Personal Investing with Computer Technology
Computer technology has revolutionized the way people can invest their money. Online trading has become the newest fad for people trying to get more bang for their buck. Virtually anyone with access to the Internet can set up an online brokerage account. With just a click of the mouse people can buy and sell stocks. This advanced computer technology for personal investing has its pros and cons. It has made it much easier for the average person to take care of his/her finances in an inexpensive manner. It has alos made it easier for people to become addicted to trading, which can become an expensive habit.
Trading Stocks Inexpensively
Online trading is easy and inexpensive. In comparison with traditional brokers, Internet brokers charge flat rates for transactions. The traditional full service broker usually charges the investor fees depending on how much stock they buy or sell, not to mention the commission they charge for handling the investors portfolio.
Small-time investors with the know how of managing their own finaces have found online trading to be very beneficial. They now have found ways to buy individual stocks at a cheap price without paying all the fees asociated with the full service broker. These investors can go into numerous web sites to get information on any particular stock they are interested in. Many of these web sites are designed for the invstor just learning how to analyze a potential stock. For example, BigCharts.com is a technical analysis web site that will create a chart using any stock symbol and comparing with any other stock symbol. It can also compare a stock symbol with the S&P 500 Index and the NASDAQ Composite Index to give an investor an insight how a stock is doing in comparison with the industry average. These tools are very valuable for an investor to be successful in their analysis of companies, industries, and the economy.
Just five years ago, not one person invested over the Internet. But now, by one acount, more than 7million Americans trade online, making up to 25 percent of all trades by individual investors (Fritzlen, 2000). With this trend, more and more people will be using the Internet to do most of their investing.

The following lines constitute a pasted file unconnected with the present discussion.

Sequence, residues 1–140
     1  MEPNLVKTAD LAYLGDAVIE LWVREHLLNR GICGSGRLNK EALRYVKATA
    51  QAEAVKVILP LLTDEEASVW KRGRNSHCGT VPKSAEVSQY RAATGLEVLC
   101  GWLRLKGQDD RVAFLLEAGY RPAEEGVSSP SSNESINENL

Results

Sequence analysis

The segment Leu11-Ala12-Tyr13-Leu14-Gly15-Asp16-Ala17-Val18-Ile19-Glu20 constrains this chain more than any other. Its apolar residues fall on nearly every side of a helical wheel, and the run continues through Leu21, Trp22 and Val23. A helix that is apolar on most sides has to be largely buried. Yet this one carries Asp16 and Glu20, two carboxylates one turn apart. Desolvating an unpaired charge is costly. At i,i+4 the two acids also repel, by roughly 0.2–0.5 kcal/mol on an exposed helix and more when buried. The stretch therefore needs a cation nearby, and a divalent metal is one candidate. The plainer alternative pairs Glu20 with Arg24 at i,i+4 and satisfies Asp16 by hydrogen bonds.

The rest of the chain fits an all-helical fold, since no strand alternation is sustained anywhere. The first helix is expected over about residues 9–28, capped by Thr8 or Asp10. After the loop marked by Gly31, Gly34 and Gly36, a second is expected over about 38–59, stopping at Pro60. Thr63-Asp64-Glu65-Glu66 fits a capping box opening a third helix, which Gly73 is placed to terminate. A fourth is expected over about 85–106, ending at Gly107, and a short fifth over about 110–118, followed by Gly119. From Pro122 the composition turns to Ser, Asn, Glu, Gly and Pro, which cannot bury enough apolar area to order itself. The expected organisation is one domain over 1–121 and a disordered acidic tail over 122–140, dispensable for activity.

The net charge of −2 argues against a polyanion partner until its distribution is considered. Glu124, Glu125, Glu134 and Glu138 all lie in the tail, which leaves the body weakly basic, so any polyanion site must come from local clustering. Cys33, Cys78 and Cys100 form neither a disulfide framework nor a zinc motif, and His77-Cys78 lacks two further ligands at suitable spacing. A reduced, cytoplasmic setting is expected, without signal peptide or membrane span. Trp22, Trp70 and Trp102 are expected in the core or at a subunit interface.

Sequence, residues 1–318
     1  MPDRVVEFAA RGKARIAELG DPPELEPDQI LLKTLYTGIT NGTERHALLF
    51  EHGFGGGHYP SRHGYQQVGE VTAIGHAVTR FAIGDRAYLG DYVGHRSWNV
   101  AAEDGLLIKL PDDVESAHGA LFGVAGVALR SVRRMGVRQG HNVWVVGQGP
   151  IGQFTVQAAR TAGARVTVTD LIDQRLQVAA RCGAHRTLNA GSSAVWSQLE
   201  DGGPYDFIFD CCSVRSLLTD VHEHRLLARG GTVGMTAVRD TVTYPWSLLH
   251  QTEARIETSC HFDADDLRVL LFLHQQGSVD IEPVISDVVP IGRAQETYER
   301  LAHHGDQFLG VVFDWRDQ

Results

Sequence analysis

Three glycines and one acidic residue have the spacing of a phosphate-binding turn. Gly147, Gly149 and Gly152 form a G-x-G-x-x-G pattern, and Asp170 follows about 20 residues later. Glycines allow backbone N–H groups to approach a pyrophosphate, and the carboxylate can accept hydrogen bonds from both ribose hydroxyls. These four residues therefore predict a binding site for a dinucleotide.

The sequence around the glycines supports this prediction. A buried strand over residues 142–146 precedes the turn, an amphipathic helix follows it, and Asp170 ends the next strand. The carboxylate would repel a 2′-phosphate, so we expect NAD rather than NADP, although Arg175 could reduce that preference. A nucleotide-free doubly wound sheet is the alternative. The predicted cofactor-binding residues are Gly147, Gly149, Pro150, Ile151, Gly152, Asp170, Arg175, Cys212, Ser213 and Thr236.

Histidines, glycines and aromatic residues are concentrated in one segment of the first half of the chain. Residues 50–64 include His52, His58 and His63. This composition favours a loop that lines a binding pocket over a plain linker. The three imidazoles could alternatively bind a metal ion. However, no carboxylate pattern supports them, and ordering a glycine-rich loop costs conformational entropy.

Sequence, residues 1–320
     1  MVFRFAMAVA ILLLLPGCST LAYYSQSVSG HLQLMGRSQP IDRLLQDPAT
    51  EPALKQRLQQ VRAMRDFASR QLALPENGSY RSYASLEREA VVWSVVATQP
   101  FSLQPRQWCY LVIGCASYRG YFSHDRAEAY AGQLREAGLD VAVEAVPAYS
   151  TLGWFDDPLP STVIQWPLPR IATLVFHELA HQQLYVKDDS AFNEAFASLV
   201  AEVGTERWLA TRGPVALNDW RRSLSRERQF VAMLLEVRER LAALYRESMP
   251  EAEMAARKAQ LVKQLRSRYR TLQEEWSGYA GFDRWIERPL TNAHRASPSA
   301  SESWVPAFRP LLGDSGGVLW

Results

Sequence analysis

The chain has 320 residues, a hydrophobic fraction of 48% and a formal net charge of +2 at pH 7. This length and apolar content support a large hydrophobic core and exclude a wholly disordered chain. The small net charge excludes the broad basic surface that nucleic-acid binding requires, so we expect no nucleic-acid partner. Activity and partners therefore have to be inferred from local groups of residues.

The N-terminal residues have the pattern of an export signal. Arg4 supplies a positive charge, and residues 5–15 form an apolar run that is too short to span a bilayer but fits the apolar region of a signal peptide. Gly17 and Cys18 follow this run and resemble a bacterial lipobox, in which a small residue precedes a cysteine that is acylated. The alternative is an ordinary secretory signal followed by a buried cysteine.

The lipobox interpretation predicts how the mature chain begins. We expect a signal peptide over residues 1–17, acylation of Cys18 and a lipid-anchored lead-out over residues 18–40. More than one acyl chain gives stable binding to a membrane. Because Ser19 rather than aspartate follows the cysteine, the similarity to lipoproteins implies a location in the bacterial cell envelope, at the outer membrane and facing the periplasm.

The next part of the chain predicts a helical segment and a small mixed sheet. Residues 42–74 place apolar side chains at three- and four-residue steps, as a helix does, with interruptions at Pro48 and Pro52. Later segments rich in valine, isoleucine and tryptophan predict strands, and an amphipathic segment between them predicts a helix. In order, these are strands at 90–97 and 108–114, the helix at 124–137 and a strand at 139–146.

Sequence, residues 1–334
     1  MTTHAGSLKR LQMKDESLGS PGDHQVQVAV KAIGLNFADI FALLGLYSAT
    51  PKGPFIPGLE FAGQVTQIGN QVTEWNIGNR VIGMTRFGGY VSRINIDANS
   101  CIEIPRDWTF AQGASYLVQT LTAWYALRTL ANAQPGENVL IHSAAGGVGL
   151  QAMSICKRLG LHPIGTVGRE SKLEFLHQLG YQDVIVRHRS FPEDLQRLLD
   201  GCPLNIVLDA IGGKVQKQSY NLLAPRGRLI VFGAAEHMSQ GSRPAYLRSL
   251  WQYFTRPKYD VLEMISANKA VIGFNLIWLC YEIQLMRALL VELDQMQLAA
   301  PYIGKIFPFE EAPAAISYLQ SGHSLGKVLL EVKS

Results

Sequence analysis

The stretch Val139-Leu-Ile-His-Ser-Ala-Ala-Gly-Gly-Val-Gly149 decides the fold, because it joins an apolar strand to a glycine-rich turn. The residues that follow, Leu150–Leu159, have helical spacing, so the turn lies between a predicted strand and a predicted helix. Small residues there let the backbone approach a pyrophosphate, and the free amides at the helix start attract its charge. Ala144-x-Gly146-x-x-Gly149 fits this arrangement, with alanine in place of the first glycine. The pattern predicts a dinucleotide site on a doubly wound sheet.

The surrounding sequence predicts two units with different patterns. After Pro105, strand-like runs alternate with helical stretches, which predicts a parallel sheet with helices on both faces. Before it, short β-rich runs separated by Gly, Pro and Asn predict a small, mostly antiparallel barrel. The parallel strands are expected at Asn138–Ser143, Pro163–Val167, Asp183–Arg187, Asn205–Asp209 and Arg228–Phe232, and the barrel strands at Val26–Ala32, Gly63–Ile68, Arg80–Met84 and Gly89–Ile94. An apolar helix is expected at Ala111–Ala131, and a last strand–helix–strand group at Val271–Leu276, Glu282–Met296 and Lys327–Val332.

Addiction to Online Trading
The growth of online trading has generated a new breed of addicts: the average day trader. The average day trader looks at the stock market in the same manner as they would a casino. With the stock market, many believe they have a higher probability of winning than in a Las Vegas casino. By winning, I am referring to generating a return from their investment. The stock market seems to be in a more controlled environment than a casino. But if the investor does not actually know what he/she is investing in, the stock market can become a gambling table.
The fact is, stock market gamblers stand to lose far more money than casino gamblers, say Devin O’Neil, deputy director of New Jersey’s Council on Compulsive Gambling. Day traders contacting the organization have losses of between $50,000 and $250,000, which is significantly more than the $38,000 average debt of casino addicts, O’Neil said (Jones, 1999).
An investor needs to be knowledgeable in the company or industry they are investing in. Without knowing a firm” financial risk, an investor can loose a lot of money.
Serious addiction to stock market speculation is growing at an alarming pace, securities regulators and gambling experts say, and becoming more cute (Jones, 1999). Many Internet investors do acknowledge they’re hooked on trading online. This inability to stop trading has cost many online investors more than their bank accounts. Many report that they lost their jobs, spouses, house, and even incurring outstanding credit card debt.
Computer technology has definitely transformed the way people handle their finances. It all ultimately lies on the individual on the way he/she decides in what to invst in. Computer technology will continue to improve as Moore’s Law predicts; that is, microprocessors and other miniature circuits will double in density every 18 to 24 months (Meyer, Baber, & Pfaffenberger, 1999). It will ultimately lie on the individual with what and how they ultimately use this technology. If they are ready for it, the Internet will be the most poerful tool they have in handling and investing their money.
Cruz, H. (2000). Web Makes Investing Cheaper. http://CNNfn.com/2000/12/20/strategies
Jones, R. (1999). Hooked on Stock Trades. TheStreet.com